05. Use existing resources
Premade toolkits full of UI design elements can save a lot of time designing new graphics and in transitioning to the prototyping phase. These downloadable kits come with premade buttons, controls, navigation, UI design patterns, and other UI elements to simplify the process. The right combination of UI kits, templates, fonts, and other elements will give you the right materials to tweak as needed.
- Line 25 — list of 35 sites that provide templates, patterns, and UI kits for Photoshop
- Freebiesbug — excellent resource of free UI elements and kits for Photoshop
- BlazRobar — requires account creation, but is still a free resource for UI elements and kits for Photoshop
- GraphicBurger — helpful collection of free templates, icons, mockups, and UI kits for personal and commercial use
06. Use Smart Objects
As an additional tip, Jake Rocheleau, creative designer and web developer, explains the importance of Smart Objects in an article for SpyreStudios.
Because vector-based images can be resized to any resolution, they work great for mockups. Importing a vector-based image into Photoshop can make a Smart Object, which lend themselves to mockups because their pixels are "freer."
Smart Objects also enable smart filters, which are recommended over regular filters — smart filters do not apply effects onto the pixels themselves, unlike regular filters. If you'd like to learn more, Martin Perhiniak, an Adobe-certified designer at Tuts+, explains 10 things you must know about Smart Objects.>
For a comprehensive collection of Photoshop techniques, check out this list of the best Photoshop tutorials. These tips will work great when you're grinding away at your computer… but what about when it comes time to hand over the file to someone else?
07. Get clever with collaboration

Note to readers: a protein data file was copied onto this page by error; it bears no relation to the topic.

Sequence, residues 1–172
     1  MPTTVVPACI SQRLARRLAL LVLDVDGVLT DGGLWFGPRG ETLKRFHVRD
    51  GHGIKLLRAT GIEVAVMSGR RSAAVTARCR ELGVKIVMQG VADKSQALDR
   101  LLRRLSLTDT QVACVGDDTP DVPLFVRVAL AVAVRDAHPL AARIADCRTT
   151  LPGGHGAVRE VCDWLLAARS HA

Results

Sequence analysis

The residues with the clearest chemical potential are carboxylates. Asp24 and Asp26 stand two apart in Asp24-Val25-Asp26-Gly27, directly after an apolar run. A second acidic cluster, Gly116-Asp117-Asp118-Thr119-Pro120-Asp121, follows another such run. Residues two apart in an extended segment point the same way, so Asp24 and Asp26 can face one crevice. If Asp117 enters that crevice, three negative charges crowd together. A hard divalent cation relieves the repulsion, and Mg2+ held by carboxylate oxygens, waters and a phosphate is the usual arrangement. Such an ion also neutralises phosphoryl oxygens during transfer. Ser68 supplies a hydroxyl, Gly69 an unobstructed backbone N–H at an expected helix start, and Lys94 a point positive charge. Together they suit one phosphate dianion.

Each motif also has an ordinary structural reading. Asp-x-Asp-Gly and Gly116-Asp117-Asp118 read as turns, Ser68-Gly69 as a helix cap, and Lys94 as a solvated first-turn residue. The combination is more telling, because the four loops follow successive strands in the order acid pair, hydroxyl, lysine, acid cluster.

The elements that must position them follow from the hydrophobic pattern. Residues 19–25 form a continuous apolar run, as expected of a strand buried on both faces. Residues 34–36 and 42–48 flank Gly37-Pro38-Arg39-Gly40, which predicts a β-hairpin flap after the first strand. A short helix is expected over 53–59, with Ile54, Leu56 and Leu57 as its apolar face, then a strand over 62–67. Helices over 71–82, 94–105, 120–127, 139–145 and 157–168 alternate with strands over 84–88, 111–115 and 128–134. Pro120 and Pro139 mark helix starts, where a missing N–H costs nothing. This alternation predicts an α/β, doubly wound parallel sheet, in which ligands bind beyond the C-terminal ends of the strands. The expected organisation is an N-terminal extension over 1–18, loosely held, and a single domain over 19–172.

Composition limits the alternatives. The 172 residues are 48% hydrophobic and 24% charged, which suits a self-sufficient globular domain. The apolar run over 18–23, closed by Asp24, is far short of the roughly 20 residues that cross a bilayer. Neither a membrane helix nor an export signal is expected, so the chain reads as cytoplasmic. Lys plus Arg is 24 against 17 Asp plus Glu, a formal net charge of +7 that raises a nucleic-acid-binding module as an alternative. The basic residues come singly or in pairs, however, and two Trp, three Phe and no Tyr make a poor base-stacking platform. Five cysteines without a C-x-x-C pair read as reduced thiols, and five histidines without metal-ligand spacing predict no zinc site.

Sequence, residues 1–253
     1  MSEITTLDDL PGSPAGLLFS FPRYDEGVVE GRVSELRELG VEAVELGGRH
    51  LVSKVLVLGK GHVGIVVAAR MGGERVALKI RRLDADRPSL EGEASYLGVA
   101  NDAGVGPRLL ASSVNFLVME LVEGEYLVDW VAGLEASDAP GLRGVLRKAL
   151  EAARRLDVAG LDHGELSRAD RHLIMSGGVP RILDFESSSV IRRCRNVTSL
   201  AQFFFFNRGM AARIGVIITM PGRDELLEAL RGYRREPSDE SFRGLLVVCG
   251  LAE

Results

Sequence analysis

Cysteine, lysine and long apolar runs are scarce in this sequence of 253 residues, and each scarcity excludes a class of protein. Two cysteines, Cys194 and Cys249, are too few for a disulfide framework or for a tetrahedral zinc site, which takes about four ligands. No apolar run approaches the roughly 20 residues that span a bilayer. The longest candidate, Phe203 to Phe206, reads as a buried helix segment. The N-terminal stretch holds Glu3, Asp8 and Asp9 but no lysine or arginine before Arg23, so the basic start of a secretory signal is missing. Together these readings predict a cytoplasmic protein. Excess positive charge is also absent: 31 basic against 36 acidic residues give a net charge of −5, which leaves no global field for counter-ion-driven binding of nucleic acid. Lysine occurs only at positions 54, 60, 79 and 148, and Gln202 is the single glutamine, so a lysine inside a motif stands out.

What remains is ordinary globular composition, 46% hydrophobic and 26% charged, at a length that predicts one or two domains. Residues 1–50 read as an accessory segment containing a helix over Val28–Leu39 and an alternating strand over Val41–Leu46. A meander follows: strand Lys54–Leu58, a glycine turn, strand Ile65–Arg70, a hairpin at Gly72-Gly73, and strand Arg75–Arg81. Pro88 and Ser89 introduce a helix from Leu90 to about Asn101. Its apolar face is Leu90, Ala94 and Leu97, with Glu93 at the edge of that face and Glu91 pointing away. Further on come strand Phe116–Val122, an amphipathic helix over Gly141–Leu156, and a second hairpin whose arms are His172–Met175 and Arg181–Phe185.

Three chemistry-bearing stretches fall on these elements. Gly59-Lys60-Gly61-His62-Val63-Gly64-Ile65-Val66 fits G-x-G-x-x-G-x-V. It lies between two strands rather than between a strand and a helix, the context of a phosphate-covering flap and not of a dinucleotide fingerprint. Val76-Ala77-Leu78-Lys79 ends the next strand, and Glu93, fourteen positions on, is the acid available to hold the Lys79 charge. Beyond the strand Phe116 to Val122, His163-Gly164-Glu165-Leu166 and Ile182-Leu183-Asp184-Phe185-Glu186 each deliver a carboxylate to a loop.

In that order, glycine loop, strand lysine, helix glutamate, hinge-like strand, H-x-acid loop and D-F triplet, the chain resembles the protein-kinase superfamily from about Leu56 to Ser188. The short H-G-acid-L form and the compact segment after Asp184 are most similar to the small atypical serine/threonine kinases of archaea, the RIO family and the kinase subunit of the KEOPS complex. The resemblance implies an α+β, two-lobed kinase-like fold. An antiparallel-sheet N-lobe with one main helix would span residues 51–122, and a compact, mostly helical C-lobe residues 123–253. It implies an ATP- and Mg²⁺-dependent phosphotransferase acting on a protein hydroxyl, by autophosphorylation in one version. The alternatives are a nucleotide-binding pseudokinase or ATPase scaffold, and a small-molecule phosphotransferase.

Photoshop is typically a one-person show, whereas the wireframing-mockups-prototyping process is highly collaborative. Design is never an island, so there are a few things you can do individually in PS that will make it easier for others later on.
One of the most important considerations for collaborating in PS is the grid system. Chris Spada, designer for Plaid, explains that handing off a well-structured and organized mockup is crucial to designer and developer collaboration.
In order to make sure a site will be compatible across different resolutions, it's best to use a grid system. Moreover, a grid system will provide some extra structure, which can only make the otherwise chaotic process run smoother.
You also want to make sure there's a visual plan that all team members can work off of — in other words, a wireframe. As discussed in The Guide to Mockups, having a shared wireframe prior to a PSD will help keep the workflow on track and streamline productivity.
Designm.ag provides some additional tips for keeping a PSD mockup efficient. The naming conventions on the document should be standardized, especially because they're being shared across the entire team.
Including the version number and even the date (if applicable), plus categorizing the different files in separately labelled folders, will help keep everything in order and easily accessible. Likewise, layer titles within the document should also be named properly for the same reasons.
Remember that design collaboration is absolutely crucial — it's not 1998, so it's quite an outdated (and dangerous) notion that you can hand off a PSD to a developer as if that person is a WYSIWYG machine.
If you finalize the mockup in a graphic design tool, keep an open line with developers to regularly verify the technical feasibility of the design — what's on the screen may render differently in other devices, browsers, and platforms.
While the above are tips for Photoshop mockups, if you're looking for more general Photoshop tips, you can check out this practical manual on Photoshop etiquette.
For more practical advice on different types of mockups, download the free e-book The Guide to Mockups. Mockup fidelity, methods, and tools are all discussed in the context of the UX design process.
Words: Jerry Cao
Jerry Cao is a content strategist at UXPin — the wireframing and prototyping app — where he develops in-app and online content for the wireframing and prototyping platform. To learn how to use mockups of all types and fidelities, check out The Guide to Mockups.
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